The Mercedes C-Class has performed well to date with the 4th generation, 2014 release becoming the best selling model for the company. With an excellent safety rating, spacious interior and responsive engines, this is a classy set of wheels that will get you from A to B feeling relaxed and calm.
Mercedes is a pioneer in the area of automotive safety, so the fact that their C-Class range received the full five-star NCAP rating in the crash tests should come as no big surprise.
The saloon model is high on practicality with excellent levels of comfort and bucket loads of classic style. That said, if you are looking for even more plush decadence and a premium enhanced driving experience, you’d do better to look at the Mercedes E-Class.
Lifting the bonnet on the Mercedes C-Class
There’s plenty of variety when it comes to both petrol and diesel engines for the C-Class, all with stacks of get up and go.
When it comes to the petrol variety, you’ve got the C180, C200 and C250 to choose from. The C180 and C200 engines were awarded a Blue Efficiency tag. This is a Mercedes specific rating that denotes lower emissions and higher efficiency. For example, Blue Efficiency tagged vehicles have innovative alternators that gather the kinetic energy created on braking and convert it into electrical energy to save on fuel consumption.
The C250 only comes with a 7-speed automatic gearbox. It’s got plenty of grunt but none of the Blue Efficiency perks.
Of the C180 and the C200, the latter gets better marks for both performance and economy. The petrol engines provide a smoother ride but will cost you a little more to run than their frugal sisters, the diesels.
The diesel engines in the Mercedes C-Class have the same 2.1-litre capacity but have been engineered to provide different power outputs. The C200 CDI delivers 134 brake horsepower, while the C220 turns this up to 167bhp and the C250 gives a whopping 201bhp and will get from 0-62mph in a straight seven seconds.
Keeping it trim – Mercedes C-Class interior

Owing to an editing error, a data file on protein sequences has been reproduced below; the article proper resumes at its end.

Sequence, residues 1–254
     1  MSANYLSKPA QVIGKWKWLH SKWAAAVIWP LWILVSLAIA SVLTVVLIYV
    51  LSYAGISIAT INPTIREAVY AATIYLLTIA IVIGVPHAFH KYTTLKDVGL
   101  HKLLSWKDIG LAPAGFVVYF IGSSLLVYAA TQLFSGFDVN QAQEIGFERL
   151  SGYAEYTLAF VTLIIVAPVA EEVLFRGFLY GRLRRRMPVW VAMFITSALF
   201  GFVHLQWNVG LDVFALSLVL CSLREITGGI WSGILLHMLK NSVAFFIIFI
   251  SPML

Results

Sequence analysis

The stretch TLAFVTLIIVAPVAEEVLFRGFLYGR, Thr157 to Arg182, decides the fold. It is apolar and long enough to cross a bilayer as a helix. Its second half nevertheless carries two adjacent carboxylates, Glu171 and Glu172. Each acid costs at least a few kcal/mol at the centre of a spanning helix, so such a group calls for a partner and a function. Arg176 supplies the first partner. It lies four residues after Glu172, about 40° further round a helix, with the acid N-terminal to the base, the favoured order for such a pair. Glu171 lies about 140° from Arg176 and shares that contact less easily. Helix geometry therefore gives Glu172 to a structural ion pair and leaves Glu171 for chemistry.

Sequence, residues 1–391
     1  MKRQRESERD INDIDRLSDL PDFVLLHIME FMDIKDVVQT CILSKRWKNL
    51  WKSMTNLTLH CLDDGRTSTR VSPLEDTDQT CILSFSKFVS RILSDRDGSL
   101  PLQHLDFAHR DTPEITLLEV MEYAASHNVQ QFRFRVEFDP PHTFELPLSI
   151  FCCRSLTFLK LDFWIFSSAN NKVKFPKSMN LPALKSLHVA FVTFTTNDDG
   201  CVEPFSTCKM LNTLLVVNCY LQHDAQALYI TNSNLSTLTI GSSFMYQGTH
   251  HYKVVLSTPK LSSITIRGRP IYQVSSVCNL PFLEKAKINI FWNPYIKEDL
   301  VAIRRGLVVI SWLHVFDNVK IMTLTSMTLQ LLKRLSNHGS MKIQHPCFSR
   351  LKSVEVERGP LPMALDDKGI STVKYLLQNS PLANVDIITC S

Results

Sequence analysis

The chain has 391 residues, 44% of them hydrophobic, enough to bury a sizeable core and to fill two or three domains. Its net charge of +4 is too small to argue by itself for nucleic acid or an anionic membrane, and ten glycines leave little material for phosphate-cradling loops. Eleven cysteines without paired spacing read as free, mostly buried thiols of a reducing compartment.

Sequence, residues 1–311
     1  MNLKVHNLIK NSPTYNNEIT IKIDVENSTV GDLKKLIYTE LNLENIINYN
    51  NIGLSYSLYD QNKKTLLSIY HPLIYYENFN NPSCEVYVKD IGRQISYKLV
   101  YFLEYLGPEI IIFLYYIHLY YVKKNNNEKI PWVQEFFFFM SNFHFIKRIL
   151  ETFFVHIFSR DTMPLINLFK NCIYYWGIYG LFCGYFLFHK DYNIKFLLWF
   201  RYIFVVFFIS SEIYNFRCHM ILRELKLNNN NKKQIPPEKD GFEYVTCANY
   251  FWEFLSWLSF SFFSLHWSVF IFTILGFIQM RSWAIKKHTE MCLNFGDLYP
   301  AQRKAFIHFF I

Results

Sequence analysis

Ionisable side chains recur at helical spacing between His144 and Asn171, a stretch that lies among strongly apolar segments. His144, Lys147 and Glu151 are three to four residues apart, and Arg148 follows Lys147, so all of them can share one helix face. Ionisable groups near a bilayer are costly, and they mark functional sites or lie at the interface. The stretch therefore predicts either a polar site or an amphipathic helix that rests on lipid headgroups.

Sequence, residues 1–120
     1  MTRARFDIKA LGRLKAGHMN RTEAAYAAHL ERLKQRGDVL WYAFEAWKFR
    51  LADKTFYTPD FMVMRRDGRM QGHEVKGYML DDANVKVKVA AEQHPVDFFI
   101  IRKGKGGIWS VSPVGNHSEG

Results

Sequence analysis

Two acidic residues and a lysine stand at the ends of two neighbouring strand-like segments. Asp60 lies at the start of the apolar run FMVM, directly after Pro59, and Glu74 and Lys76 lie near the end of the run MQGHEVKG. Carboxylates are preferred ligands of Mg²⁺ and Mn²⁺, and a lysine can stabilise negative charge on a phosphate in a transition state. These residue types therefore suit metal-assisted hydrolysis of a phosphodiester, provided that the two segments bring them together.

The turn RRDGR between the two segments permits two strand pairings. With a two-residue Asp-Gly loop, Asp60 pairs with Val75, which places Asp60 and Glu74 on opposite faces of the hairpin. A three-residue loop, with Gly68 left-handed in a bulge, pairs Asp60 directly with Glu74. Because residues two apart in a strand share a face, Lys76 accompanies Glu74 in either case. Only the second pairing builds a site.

The steering and seating adjustability for C-Class drivers is excellent. You’ll be able to arrange optimal comfort and visibility without too much trouble. All the key controls and displays are within easy reach and eyeline which improves comfort and safety.
The uncluttered but stylish interior is less inviting than the BMW’s 3-Series and there’s less headroom in the back than Audi’s competing model, the A4. There is plenty of legroom in front and back, so most adults should be able to travel in comfort.
Considering the luxury status of Mercedes, some of the interior finishes can feel a little disappointing. The C-Class dash had two updates throughout the 3rd generation, one in 2011 and another in 2013. The improvement to styling, equipment and quality was significant, so there is much to gain for seeking out the later 3rd generation models.
Interior trims come in quite a few different levels, starting with the SE (standard equipment) level and moving up to AMG, the most luxurious of finishes and tech. Even the SE level has leather upholstery, the infotainment system is good quality and the metal finishes for aircon controls are tactile.
What to watch for with second-hand Mercedes C-Class motors
Rust can be an issue for the C-Class, particularly around the boot lid and its release handle. Wing mirrors can cause a problem with the integrated indicator lights not staying in sync with the main set-up. That can set you back a cool £500 per unit to put right.
Part-leather trim seats can split at the seams and the Blue Efficiency diesel models can have issues with the fuel injectors. This will show up as less than enthusiastic acceleration and uneven running, so make sure you take any diesel you’re interested in for a quick run through all gears before beginning negotiations.
Clunky noises on the seven-speed automatic petrol indicate issues with the transmission valve. This can end up damaging the gearbox and costing you a pretty penny to put right.
Overall the C-Class is a reliable motor and Mercedes worked hard to improve their reputation with this one. If there are less than 100,000 miles on the clock and it’s been taken care of, you shouldn’t need any major engine work done any time soon.
Out of all engine types and interior spec options, we’d be most happy with the C220 petrol as a post-2011 SE model. This has plenty of herbs and the interior includes all you need for a respectable price.